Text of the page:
The Curmudgeon


Wednesday, February 23, 2005


Once there was a writer named Stanislaw Ignacy Witkiewicz; he was a painter, a playwright, a critic, a novelist, a philosopher, a photographer, a womaniser, a drug fiend and a Pole. He called himself Witkacy, Vitcatius, Witkatze, Vitecasse and much else, but mostly Witkacy.

His father, Stanislaw Witkiewicz, was a painter of landscapes, well-off and with some unconventional ideas about education. At this time Poland was part of Tsarist Russia, and Witkiewicz senior was a Polish nationalist; when the First World War broke out Witkacy enlisted as an officer in the Russian army, wounding his father grievously in the heart. When the Revolution came Witkacy was elected political commissar of his regiment, an occurrence he later ascribed to his own "schizoid inhibitions" about asserting himself over his men. He also claimed to have worked out his philosophical principles during an artillery barrage. None of his works sold particularly well, but his philosophical magnum opus probably did worst of all.

He drew and painted monsters and grotesque tableaux; he photographed himself dressed up in every imaginable role; he painted self-portraits which he called Auto-Witkacys; he painted under the influence of alcohol, morphine, peyote, marking the paintings carefully in a code which showed what substances he had used while working on them. He churned out portraits for money, calling himself the S I Witkiewicz Portrait-Painting Firm and drawing up a standard contract. "The customer must be satisfied" was probably its most sensible clause.

He wrote three huge novels called, in order of composition, The 622 Downfalls of Bungo and Farewell to Autumn and Insatiability. He was one of the first to recognize the merits of his less flamboyant but equally original compatriot, Bruno Schulz. Most of his respectable contemporaries and, no doubt, many of his friends, thought Witkacy was a lunatic.

He published lists of his friends, ranking them according to how he felt about them at the time, promoting and demoting. He was a friend of the composer Karol Szymanowski. He was, intermittently, a friend of the anthropologist Bronislaw Malinowski and accompanied him on a trip to the tropics. They squabbled yet again and split up, agreeing to meet at a certain point further along the way. When Malinowski got there he saw Witkacy being hung up and kippered over a bonfire by a group of natives, but before he could shoot at them Witkacy yelled that the people were helping him; along the route he had chosen he had become infested with parasites, which the flames and smoke would repel.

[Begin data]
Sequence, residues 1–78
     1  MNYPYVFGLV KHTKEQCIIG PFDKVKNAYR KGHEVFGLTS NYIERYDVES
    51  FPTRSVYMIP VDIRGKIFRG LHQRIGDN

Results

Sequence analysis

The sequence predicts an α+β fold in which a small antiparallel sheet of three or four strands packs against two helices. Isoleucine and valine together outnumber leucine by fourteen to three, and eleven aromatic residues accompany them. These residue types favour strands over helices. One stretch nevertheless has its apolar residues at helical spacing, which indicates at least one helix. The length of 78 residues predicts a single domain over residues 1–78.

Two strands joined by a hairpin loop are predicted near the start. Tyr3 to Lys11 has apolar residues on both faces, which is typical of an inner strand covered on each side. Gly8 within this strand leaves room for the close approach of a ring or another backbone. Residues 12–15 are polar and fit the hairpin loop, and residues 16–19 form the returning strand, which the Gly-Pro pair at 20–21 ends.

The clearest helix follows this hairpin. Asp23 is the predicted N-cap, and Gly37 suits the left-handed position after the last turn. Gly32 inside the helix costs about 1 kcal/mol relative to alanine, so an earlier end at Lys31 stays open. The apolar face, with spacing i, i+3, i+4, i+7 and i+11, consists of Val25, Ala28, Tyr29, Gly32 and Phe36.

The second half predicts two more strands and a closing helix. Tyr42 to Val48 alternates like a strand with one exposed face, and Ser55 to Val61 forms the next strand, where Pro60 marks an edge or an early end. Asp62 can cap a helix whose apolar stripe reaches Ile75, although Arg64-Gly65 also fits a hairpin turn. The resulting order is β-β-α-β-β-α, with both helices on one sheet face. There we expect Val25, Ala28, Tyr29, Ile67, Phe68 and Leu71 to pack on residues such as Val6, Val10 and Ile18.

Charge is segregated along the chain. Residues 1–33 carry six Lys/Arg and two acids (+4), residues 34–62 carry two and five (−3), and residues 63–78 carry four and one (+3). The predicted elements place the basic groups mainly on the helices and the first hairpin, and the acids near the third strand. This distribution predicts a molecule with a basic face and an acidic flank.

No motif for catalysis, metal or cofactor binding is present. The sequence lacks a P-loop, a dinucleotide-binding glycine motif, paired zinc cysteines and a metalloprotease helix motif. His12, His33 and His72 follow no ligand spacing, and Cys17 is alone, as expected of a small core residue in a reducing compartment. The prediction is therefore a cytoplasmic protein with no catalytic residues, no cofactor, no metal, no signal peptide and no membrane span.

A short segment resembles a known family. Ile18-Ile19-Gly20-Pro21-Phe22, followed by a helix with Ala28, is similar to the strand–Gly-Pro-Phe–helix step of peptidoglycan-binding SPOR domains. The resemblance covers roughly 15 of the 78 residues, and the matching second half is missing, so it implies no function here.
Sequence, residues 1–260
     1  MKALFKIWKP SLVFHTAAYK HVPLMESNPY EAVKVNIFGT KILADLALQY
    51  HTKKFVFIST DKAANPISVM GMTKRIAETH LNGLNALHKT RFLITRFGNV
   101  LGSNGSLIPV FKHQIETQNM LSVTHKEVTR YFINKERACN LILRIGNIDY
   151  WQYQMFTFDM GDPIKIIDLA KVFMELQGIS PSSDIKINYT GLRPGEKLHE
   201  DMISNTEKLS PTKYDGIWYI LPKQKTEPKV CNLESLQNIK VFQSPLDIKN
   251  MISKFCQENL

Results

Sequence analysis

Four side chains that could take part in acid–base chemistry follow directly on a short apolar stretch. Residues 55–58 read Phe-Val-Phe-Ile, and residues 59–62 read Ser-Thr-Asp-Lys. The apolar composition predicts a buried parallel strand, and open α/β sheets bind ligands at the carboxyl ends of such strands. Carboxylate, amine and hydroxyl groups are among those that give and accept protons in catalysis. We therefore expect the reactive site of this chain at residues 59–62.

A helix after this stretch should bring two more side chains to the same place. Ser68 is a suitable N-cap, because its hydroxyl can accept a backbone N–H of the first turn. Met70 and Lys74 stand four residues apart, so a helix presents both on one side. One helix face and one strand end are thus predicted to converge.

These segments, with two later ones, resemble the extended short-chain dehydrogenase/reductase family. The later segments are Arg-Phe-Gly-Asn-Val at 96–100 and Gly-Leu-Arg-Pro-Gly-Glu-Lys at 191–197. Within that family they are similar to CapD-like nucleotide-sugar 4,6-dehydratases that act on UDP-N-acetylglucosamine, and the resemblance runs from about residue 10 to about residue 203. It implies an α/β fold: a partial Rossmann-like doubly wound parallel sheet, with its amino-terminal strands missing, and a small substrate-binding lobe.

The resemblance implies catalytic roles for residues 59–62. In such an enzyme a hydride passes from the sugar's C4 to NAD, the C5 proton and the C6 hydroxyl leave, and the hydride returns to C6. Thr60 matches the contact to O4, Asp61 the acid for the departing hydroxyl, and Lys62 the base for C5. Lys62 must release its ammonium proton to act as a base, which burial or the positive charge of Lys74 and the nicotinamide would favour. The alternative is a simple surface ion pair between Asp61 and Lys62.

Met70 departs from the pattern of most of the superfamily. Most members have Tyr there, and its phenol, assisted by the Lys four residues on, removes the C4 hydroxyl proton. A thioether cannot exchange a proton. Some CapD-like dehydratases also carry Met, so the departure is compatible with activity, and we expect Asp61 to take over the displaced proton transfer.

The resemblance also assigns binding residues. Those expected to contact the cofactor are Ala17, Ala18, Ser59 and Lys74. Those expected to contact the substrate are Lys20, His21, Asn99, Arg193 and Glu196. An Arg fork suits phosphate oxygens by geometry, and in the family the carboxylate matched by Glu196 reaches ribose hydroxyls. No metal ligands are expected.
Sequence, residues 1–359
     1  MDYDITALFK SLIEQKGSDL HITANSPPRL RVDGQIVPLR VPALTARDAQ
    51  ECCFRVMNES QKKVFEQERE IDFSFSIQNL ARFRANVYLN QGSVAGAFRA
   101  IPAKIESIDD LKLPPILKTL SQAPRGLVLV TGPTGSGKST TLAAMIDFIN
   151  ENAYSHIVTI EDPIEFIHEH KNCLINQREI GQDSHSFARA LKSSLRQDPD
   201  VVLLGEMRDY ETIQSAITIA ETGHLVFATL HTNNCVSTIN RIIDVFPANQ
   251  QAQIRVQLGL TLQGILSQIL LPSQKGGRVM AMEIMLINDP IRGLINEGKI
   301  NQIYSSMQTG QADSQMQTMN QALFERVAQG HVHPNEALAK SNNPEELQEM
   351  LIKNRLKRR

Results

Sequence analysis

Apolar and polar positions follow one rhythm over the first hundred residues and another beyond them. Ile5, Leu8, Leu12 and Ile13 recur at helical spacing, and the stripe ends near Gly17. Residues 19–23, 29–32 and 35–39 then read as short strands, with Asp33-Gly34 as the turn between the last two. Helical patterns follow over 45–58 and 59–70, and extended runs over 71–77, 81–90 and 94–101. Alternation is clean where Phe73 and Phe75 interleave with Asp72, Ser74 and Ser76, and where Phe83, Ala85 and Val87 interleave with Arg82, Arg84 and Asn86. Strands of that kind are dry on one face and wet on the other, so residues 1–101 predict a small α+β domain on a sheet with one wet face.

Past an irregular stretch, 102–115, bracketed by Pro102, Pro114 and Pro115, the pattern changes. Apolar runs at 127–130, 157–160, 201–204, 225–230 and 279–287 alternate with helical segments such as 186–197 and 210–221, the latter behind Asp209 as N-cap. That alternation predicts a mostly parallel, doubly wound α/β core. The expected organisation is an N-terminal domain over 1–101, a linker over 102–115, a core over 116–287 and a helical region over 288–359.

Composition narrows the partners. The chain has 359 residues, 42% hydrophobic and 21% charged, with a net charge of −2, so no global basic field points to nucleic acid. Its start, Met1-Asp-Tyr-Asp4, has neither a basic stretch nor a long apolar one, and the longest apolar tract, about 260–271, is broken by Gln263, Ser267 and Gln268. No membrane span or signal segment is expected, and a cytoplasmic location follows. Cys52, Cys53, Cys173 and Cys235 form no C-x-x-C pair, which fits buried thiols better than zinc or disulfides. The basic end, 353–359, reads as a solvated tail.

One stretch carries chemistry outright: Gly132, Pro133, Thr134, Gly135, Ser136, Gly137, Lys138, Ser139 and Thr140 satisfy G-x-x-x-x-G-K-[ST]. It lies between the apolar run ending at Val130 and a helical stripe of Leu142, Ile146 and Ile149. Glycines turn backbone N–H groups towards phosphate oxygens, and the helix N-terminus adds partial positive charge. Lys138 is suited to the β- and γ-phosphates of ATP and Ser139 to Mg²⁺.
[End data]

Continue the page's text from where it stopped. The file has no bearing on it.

He wrote plays, many of which are lost. One, The Crazy Locomotive, is about two criminals who hijack a train and drive it faster and faster towards doom. The action takes place almost entirely in the cabin of the locomotive, and the stage directions demand a cinematic projection of the landscape rushing by, faster and faster. The Polish manuscript for The Crazy Locomotive has been lost, and had to be reconstructed from a foreign translation.

His plays have subtitles like "Four Acts of a Rather Nasty Nightmare" and "There is Nothing Bad Which Cannot Turn into Something Worse" and "The Hyrcanian World View" and "A Non-Euclidean Drama" and "A Comedy with Corpses". Witkacy's dramatic theory was based on what he called Pure Form, by which he meant that the merit of a dramatic work must reside in its formal qualities and not in any resemblance to "real life". Real life, in Witkacy's view, was increasingly the province of grey pulpy masses and mad dictators. Grey pulpy masses and mad dictators do appear in his works, but he despised realism. He also despised the cinema, thinking it a symptom of everything that was wrong with the world.

In The New Deliverance, a jagged line splits the stage in two; on one side a family of bourgeois mediocrities take tea and pontificate, while on the other Richard III is chained to a pillar and menaced by hissing thugs. In The Madman and the Nun, an artist confined to the padded cell is driven to suicide in the time-honoured fashion, but appears a moment later freshly groomed, ready for a night on the town with his lover and a doctor whom he murdered earlier. In Dainty Shapes and Hairy Apes there is a chorus made up of forty characters, all of them called Mandelbaum. Only a couple of Witkacy's plays were produced during his life, and they were dismissed as the ravings of a syphilitic.

When Hitler invaded Poland, Witkacy fled east, only to find that Stalin was invading too. He committed suicide. Later he was "rehabilitated" and some cultural bureaucrat gave a speech over his grave, which contains a body that apparently is not Witkacy's. He was born on 24 February 1885, so today is not his anniversary.


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